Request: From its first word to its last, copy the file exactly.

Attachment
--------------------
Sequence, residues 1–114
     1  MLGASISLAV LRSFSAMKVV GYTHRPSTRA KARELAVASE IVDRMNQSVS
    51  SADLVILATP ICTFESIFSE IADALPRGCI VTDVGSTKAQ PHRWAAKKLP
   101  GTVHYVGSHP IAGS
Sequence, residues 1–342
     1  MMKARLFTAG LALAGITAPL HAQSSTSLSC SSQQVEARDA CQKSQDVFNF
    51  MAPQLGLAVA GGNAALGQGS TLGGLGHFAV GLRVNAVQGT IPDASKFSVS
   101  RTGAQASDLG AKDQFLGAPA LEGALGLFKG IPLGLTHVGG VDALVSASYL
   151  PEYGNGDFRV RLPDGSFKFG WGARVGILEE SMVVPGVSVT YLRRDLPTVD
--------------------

Sequence, residues 1–114
     1  MLGASISLAV LRSFSAMKVV GYTHRPSTRA KARELAVASE IVDRMNQSVS
    51  SADLVILATP ICTFESIFSE IADALPRGCI VTDVGSTKAQ PHRWAAKKLP
   101  GTVHYVGSHP IAGS
Sequence, residues 1–342
     1  MMKARLFTAG LALAGITAPL HAQSSTSLSC SSQQVEARDA CQKSQDVFNF
    51  MAPQLGLAVA GGNAALGQGS TLGGLGHFAV GLRVNAVQGT IPDASKFSVS
   101  RTGAQASDLG AKDQFLGAPA LEGALGLFKG IPLGLTHVGG VDALVSASYL
   151  PEYGNGDFRV RLPDGSFKFG WGARVGILEE SMVVPGVSVT YLRRDLPTVD